More problems but still living....
  • ddraverddraver Posts: 20,521
    Ignoring all the above for a moment - The difference between pro and amateurs in any sports should never be underestimated. The difference it makes being able to concentrate 100% on your sport rather than on work/family/real life is exceptional.

    Most of us are happy if we crack the average speed for a flat stage (say 50kph)in a 10 second sprint, likewise watch people try to keep up with marathon runners on the telly - most people last maybe 10 seconds? Obviously in "unskilled" sports like cycling/running (as opposed to sports ike football, rugby, tennis and to a certain extent swimming etc where skills/technique is important) this difference can be even more marked!

    One of the bet (if not the only) ways to experience this in cycling is to do one of the big 24hr bike race where you might be racing against a sort of Pro-Conti equivalent riders and you can see the difference in lap times and when they come flying past you like your standing still! The pro 24hr soloists will put in lap times that are 10-15 mins faster over about an hour than us in out team of 4 reasonably fit, although not racers, weekend warriors. And they do that solidly for 24hrs - we have a 3hr break between laps!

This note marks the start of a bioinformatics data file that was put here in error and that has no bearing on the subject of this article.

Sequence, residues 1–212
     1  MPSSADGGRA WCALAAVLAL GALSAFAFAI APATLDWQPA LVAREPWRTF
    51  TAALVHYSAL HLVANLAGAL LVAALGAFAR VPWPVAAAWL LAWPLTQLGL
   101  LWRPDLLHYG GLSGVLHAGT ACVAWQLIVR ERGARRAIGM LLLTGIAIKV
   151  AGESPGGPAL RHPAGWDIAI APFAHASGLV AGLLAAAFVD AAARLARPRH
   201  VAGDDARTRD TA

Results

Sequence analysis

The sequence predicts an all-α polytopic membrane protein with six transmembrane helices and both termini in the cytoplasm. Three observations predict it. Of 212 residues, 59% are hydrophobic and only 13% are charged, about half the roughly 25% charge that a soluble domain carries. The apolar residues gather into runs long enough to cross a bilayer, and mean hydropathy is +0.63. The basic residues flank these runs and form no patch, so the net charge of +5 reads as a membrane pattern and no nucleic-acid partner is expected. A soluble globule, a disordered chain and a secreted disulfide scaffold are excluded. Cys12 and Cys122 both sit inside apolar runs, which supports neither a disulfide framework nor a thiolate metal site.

We're in danger of confusing passion with incompetence
    - @ddraver
  • BikingBernieBikingBernie Posts: 2,163
    ddraver wrote:
    Ignoring all the above for a moment - The difference between pro and amateurs in any sports should never be underestimated.
    But as Lemond said, 'It never gets any easier, you just get faster'. To reverse this, whilst the elites might go faster, the sensations they experience are pretty much the same as an amateur racer will experience. That said, this only really applies to those who are pushing themselves competitively. Similarly, a top pro will only be able to ride at, for example, "100 %", for a similar period as a lesser rider could, they will just be going faster whilst they do it. As has already been mentioned, for much of the time the pros are 'keeping their powder dry' and the benefit to be had from sitting in a 200 strong bunch on flat stage should not be underestimated. It is not as if the pros can ride at their absolute limit for hours on end.